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The Rundown

8 a.m. ET: How bad is President Obama's health-care message problem, and can it be fixed this late in the game?

The new NBC News poll paints a sobering picture for the administration. While the topline data is similar to what the same survey found last month -- narrow pluralities disapprove of Obama's handling of health care, and think his plan is "a bad idea" -- the numbers showed significant confusion over what the primary Democratic reform plans would and wouldn't do. "Majorities in the poll believe the plans would give health insurance coverage to illegal immigrants; would lead to a government takeover of the health system; and would use taxpayer dollars to pay for women to have abortions — all claims that nonpartisan fact-checkers say are untrue about the legislation that has emerged so far from Congress," according to NBC. "Forty-five percent think the reform proposals would allow the government to make decisions about when to stop providing medical care for the elderly."

The persistence of those misconceptions about health-care reform and the White House's semantic dance in recent days over whether it wants a public insurance option illustrate the administration's dilemma going forward. Before Obama can rally support for his vision of reform, he has to make sure voters -- and the press -- actually understand what he's proposing. As of today, they don't. That explains why, as the Wall Street Journal writes this morning, Obama "will likely shift his pitch in September ... to talk more about the moral imperative to provide health insurance to all Americans." The revised approach reportedly will include more speeches, fewer town halls and redoubled efforts to sort fact from fiction.

The new message strategy may be accompanied by a new legislative strategy. The New York Times reports that congressional Democrats "are increasingly focused on drawing support for a final plan from within their own ranks" rather than negotiating with Republicans, whom they view as unlikely to cut a deal. Whether the majority really plans to go it alone, or whether this story (note the Rahm Emanuel quote) is just a negotiating tactic remains unclear. The Washington Post notes that Obama, "in search of new momentum," plans to talk Thursday "with thousands of his most loyal supporters in a nationwide 'strategy call' hosted by Organizing for America."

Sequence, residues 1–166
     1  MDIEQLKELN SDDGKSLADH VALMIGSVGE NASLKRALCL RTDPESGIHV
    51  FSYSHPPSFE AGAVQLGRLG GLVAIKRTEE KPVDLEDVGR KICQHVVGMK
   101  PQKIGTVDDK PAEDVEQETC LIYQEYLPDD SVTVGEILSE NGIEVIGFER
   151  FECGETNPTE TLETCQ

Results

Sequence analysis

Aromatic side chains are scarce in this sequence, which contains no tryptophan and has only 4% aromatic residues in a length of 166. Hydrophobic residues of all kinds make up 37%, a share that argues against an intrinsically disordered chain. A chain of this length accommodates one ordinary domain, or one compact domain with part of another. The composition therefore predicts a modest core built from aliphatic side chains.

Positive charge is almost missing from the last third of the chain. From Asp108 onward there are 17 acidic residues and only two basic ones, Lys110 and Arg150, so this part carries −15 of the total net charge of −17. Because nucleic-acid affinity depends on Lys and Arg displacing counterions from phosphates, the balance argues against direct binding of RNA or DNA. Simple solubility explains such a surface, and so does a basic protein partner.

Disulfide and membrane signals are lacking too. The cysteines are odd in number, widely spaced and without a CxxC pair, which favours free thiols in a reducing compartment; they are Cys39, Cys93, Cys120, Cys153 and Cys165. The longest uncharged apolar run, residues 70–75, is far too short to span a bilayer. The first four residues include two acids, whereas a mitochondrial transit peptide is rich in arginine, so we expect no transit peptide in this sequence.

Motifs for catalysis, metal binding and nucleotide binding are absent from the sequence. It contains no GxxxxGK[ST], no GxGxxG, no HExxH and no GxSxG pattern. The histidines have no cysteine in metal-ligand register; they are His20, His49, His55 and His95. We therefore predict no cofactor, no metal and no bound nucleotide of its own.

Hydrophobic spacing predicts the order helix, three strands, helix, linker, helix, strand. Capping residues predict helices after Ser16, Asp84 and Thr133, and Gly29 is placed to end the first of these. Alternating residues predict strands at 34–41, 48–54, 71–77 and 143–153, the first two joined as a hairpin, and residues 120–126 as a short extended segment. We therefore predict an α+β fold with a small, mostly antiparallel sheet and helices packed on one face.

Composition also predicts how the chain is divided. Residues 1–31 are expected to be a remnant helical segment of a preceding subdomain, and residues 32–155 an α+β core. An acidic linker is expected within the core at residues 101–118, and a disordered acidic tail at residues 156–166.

But can a wholesale shift in strategy still work at this point in the debate? Jonah Goldberg argues that the administration has been "astoundingly incompetent" in selling health care, and that complaints about Republican tactics are "monumentally, incandescently lame coming from a party that controls Washington." Writing on the White House's apparent desire to de-emphasize "bending the cost curve" on health care in favor of more emotional appeals. Mickey Kaus suspects "they've already lost the public opinion battle for the near future. If they now need public opinion to pass the bill in the fall, they aren't going to pass a bill. It turns out you may only get one chance to roll out a giant legislative initiative." But Noam Scheiber is more optimistic, even making the case that liberals' complaints about the White House dropping the public option has helped the White House by pulling "the debate's center of gravity" back to the left, so "Obama now looks like the centrist voice of reason instead of an over-ambitious lefty."

If it's any consolation to Democrats, the public doesn't think any better of the GOP when it comes to health care. The NBC poll found that just 21 percent of approved of the way Republicans in Congress are handling health care, while 62 percent disapprove. That raises the question of whether the minority's current strategy of incessant criticism without offering a viable alternative will really accrue to its benefit. Jon Kyl defended Republicans' tactics Tuesday, explaining that Americans believe "no matter how bad things are, Congress can always make things worse."